In addition to the above two tracks, there will be a separate category for short papers, describing theoretical or applied contributions of shorter length. Papers in this category will be assigned a shorter time for presentation during the conference.
Authors of applied papers will have the opportunity to show a demo of their software/system during the poster session.
All submissions must be formatted using the LaTeX style file for the conference series Lecture Notes in Computer Science (LNCS) provided by Springer. The default margins and fonts must not be modified; in particular, the use of packages such as times.sty is not allowed. Submissions that do not comply with this format risk rejection without consideration of their merits. The length of regular papers is limited to 12 pages (excluding references), while the length of short papers is limited to 6 pages (excluding references). The claims of the paper should be fully substantiated, including full proofs or appropriate experimental data. If this information does not fit within the page limits, the authors should include it in a clearly marked appendix, whose length is not constrained and which the reviewers may read at their own discretion.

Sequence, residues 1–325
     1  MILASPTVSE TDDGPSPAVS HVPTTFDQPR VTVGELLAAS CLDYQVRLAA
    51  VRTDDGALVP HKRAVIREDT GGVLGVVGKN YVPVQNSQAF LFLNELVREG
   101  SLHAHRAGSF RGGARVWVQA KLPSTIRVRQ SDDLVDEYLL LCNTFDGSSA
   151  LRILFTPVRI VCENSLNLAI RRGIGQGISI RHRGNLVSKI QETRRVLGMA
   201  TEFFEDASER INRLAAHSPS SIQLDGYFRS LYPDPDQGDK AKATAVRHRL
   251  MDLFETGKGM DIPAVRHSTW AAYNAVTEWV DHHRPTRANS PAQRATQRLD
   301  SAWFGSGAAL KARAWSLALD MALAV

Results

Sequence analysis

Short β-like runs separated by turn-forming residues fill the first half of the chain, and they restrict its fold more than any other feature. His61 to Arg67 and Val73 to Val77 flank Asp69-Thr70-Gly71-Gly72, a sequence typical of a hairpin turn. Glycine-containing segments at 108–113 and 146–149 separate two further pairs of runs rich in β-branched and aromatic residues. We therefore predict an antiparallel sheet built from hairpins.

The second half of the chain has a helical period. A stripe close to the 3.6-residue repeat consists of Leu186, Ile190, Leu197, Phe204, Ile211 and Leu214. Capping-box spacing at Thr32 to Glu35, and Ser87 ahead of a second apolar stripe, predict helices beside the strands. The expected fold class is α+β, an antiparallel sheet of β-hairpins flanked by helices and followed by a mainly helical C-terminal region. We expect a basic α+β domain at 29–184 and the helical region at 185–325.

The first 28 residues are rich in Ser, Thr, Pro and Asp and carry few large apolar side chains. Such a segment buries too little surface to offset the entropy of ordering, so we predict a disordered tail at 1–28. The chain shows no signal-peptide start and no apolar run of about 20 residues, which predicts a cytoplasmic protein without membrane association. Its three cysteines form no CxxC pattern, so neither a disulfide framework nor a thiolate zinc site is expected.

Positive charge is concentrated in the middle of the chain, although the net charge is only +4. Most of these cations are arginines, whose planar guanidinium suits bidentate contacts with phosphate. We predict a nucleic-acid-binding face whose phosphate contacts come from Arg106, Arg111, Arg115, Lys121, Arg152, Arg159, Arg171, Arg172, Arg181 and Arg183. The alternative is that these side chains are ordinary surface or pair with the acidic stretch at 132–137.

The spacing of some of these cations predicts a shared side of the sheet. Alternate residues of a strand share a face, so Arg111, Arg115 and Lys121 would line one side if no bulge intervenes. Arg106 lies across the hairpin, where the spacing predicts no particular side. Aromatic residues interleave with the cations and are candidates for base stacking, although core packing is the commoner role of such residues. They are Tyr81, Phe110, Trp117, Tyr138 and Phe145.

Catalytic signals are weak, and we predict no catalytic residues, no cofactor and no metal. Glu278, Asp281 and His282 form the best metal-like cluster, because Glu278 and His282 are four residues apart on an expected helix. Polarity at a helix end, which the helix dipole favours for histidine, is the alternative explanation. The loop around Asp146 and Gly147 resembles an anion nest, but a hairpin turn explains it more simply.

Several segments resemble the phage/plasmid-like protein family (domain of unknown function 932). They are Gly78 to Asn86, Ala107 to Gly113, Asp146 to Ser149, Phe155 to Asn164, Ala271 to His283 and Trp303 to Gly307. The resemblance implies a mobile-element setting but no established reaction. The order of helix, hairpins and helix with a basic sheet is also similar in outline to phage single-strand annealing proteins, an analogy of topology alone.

Submissions of posters on graph drawing, network visualization, and related areas are solicited. The poster session will provide a forum for the communication of late-breaking research results (which may also appear elsewhere) to the GD community. Authors of posters should prepare an abstract (up to 2 pages in the LNCS style) that must be submitted together with the poster itself.